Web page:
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1 January 2004 A quantitative approach to identifying predators from nest remains
R. Michael Anthony, James B. Grand, Thomas F. Fondell, Bryan F. J. Manly
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Nesting success of Dusky Canada Geese (Branta canadensis occidentalis) has declined greatly since a major earthquake affected southern Alaska in 1964. To identify nest predators, we collected predation data at goose nests and photographs of predators at natural nests containing artificial eggs in 1997–2000. To document feeding behavior by nest predators, we compiled the evidence from destroyed nests with known predators on our study site and from previous studies. We constructed a profile for each predator group and compared the evidence from 895 nests with unknown predators to our predator profiles using mixture-model analysis. This analysis indicated that 72% of destroyed nests were depredated by Bald Eagles and 13% by brown bears, and also yielded the probability that each nest was correctly assigned to a predator group based on model fit. Model testing using simulations indicated that the proportion estimated for eagle predation was unbiased and the proportion for bear predation was slightly overestimated. This approach may have application whenever there are adequate data on nests destroyed by known predators and predators exhibit different feeding behavior at nests.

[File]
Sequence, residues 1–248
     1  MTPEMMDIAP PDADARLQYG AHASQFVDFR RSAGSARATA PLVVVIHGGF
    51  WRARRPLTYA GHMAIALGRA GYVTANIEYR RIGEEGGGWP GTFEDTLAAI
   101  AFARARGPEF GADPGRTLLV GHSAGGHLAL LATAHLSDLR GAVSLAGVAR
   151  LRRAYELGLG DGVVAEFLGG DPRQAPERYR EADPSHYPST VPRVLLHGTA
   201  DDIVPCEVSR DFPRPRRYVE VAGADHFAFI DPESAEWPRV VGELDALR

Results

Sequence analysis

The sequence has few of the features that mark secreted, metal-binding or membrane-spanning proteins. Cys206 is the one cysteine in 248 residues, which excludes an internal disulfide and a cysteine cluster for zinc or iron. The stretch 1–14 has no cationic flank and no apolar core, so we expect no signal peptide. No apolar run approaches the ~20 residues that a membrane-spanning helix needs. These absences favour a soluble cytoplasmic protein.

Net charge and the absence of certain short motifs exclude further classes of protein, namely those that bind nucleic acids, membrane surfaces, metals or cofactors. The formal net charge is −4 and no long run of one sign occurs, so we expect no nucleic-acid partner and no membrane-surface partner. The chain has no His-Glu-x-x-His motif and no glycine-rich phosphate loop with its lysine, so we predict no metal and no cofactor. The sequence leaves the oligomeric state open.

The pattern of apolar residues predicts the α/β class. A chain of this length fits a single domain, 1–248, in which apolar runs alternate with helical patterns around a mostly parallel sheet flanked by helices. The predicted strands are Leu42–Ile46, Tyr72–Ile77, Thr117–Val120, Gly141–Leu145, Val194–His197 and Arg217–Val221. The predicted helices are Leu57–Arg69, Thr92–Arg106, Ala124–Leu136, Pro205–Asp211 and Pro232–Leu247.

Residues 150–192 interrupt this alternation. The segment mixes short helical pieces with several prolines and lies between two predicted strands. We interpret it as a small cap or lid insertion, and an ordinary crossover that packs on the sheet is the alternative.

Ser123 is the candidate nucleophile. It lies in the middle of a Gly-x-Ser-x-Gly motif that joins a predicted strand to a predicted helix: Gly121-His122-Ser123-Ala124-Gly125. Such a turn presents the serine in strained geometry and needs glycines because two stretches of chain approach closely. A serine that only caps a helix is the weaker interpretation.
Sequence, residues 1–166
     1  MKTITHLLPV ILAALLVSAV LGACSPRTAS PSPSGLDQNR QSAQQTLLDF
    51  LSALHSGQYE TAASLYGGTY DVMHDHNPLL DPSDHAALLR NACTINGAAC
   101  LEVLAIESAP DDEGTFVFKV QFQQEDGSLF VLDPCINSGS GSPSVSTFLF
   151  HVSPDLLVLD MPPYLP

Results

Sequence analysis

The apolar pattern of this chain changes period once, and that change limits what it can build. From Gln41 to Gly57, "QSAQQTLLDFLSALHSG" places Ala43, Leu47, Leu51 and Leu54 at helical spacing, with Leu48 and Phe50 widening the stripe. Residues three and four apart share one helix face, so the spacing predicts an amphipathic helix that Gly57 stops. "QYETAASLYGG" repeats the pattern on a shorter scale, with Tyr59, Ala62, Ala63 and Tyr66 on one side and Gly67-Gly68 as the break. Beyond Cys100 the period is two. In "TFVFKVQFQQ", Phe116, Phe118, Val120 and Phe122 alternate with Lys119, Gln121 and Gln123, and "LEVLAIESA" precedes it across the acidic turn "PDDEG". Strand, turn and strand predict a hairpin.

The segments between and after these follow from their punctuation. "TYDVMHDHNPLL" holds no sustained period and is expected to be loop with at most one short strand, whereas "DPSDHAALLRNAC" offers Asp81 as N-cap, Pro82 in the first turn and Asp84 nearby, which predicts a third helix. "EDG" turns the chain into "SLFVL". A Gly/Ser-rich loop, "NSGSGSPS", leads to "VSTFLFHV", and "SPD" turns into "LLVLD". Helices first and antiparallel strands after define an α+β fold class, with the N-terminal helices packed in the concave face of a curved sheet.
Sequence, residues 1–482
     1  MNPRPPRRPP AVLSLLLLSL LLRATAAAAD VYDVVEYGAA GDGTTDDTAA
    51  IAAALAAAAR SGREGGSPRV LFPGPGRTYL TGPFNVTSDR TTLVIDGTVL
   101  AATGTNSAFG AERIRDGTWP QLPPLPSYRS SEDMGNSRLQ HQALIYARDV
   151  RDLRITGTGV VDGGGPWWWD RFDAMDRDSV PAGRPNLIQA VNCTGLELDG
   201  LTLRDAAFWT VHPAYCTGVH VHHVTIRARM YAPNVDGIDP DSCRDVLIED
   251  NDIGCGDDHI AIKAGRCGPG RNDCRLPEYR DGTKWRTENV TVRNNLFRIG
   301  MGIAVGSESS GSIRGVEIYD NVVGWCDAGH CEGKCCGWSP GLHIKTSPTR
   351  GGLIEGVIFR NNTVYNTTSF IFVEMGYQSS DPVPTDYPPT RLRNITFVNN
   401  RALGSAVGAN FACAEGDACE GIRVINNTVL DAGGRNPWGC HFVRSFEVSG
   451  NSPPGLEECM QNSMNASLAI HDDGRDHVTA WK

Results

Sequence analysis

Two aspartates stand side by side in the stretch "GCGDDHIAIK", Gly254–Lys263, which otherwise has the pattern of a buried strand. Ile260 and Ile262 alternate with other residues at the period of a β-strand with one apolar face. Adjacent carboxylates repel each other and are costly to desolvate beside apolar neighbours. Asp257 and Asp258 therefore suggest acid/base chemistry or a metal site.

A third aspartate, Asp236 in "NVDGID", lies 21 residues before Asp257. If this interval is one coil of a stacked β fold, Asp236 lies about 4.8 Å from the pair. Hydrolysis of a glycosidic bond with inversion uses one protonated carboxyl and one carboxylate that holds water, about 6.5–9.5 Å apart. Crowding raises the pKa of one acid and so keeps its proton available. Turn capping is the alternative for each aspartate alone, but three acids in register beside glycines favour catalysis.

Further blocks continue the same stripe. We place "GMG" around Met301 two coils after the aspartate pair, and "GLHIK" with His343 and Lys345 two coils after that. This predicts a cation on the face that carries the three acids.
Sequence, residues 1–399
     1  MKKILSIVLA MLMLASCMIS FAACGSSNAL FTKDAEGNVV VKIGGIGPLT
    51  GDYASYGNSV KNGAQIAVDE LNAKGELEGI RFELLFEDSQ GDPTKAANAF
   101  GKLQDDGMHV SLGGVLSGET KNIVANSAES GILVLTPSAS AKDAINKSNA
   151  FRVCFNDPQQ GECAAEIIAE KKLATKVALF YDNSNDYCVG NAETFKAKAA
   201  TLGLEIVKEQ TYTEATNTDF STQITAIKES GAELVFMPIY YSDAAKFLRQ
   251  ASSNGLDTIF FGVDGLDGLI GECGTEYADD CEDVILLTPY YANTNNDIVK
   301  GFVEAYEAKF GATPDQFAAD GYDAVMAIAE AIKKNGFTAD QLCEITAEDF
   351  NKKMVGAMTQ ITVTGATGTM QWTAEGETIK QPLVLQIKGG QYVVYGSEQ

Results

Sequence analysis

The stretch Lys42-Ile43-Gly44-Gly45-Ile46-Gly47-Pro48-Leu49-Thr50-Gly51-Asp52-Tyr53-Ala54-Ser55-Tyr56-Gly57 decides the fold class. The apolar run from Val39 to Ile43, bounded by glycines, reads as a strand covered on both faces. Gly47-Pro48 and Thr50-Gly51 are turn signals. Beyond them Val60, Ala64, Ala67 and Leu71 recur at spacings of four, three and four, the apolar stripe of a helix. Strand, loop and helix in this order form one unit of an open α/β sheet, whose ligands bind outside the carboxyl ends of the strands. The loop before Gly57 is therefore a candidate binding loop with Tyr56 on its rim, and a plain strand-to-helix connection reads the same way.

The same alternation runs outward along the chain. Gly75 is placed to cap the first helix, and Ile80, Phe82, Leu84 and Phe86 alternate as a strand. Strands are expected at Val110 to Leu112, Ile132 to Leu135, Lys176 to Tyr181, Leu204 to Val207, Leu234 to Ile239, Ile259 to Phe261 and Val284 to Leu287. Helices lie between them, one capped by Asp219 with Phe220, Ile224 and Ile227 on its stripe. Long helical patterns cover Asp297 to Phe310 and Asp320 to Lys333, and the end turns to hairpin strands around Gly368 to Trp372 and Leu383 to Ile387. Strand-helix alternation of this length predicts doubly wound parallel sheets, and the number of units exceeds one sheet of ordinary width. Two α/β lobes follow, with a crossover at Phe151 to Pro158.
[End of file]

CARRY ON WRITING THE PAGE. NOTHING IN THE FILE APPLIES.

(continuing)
R. Michael Anthony, James B. Grand, Thomas F. Fondell, and Bryan F. J. Manly "A quantitative approach to identifying predators from nest remains," Journal of Field Ornithology 75(1), 40-48, (1 January 2004).
Received: 15 May 2002; Accepted: 1 February 2003; Published: 1 January 2004

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